Yamadera in Yamagata Yamadera in Yamagata

On the right you see a statue of “Matsuo Basho” (松尾 芭蕉), a haiku poet, who stayed in Yamadera for a while and composed a famous haiku there:

“The stillness – soaking into stones cicada’s cry.”

I also went to the Yamadera Basho Memorial Center after visiting Yamadera, but more about that later.

Next to the statue was a great treasure house called “Jigoku Enma Treasure House”.
It only costs 200 yen and it was VERY impressive in there. Unfortunately photos were not allowed.

Yamadera in Yamagata

Yamadera’s Upper Area

Then it was finally time to enter Yamadera’s upper area.

I suggest getting some snacks, something to drink and using the toilet before you enter the area you have to pay for because beyond that point is no food stand or toilet anymore!

After entering you’ll have a steep hike ahead of you with about 1000 stone steps, so it might be tough for a few people.
Don’t worry, it won’t get boring, though! And you also won’t have to worry about your stamina! I stopped every few seconds to take photos!

Yamadera in Yamagata

On your way up you’ll run into many smaller temple buildings like the one above.
All of them are printed on a map that you’ll receive after paying the admission fee. This is the Uba-do (姥堂).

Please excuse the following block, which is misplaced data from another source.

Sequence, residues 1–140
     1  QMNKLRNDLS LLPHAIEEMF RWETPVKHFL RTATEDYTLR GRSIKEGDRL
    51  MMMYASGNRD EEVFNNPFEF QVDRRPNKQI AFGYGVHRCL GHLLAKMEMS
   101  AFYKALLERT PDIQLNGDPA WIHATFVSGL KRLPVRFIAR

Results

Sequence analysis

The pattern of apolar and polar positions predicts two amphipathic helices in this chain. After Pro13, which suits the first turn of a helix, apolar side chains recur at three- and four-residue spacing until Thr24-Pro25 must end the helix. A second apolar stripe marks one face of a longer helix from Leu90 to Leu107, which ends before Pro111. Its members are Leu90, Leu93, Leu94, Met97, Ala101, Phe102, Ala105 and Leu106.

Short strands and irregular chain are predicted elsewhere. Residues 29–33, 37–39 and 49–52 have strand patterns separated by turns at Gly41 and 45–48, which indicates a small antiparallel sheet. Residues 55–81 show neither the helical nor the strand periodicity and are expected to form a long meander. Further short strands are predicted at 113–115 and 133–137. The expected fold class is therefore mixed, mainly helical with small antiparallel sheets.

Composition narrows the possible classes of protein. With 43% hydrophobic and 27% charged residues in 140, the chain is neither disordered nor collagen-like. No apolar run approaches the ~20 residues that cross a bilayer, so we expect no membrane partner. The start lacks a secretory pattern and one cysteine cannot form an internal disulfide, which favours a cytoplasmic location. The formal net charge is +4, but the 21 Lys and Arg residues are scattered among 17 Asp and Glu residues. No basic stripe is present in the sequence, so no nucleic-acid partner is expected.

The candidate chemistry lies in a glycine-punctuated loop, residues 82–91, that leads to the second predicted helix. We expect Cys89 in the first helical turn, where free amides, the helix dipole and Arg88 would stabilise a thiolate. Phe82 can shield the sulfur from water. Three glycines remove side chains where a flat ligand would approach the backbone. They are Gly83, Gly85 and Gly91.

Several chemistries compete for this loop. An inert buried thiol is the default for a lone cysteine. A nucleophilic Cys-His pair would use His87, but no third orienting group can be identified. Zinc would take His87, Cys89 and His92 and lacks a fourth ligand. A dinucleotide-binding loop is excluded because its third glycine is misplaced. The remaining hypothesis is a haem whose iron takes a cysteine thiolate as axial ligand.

Yamadera in Yamagata

Don’t just pass by, but have a closer look!
You’ll find all sorts of toys, dolls and other things for children. This is to pray for lost children.
The red “thing” hanging down from the top is a “Sarubobo” from Gifu Prefecture, so I was surprised to see it there!

Yamadera in Yamagata

The stone steps that you have to climb up are surrounded by a forest. A truly mystical and beautiful sight!

Yamadera in Yamagata Yamadera in Yamagata

People leave coins behind after their prayers.

Yamadera in Yamagata Yamadera in Yamagata

After some time you’ll reach the “Niomon Gate” (仁王門). Once you walk through that you’ll reach the top area of Yamadera.
Well, … only if those two dudes won’t scare you away!

Yamadera in Yamagata

The top part of Yamadera

This is probably the most popular and most photographed scenery when visiting Yamadera!
The bigger building is the Kaisando Hall (開山堂) and is dedicated to the temple’s founder, Jikaku Daishi.
The smaller one is the Nokyodo Hall (納経堂 = hall for copying sutra).

Yamadera in Yamagata Yamadera in Yamagata

From up there you can access the Godaido Hall (五大堂) that offers an awesome view.
The hall is quite old as it dates back to early 1700s.

Yamadera in Yamagata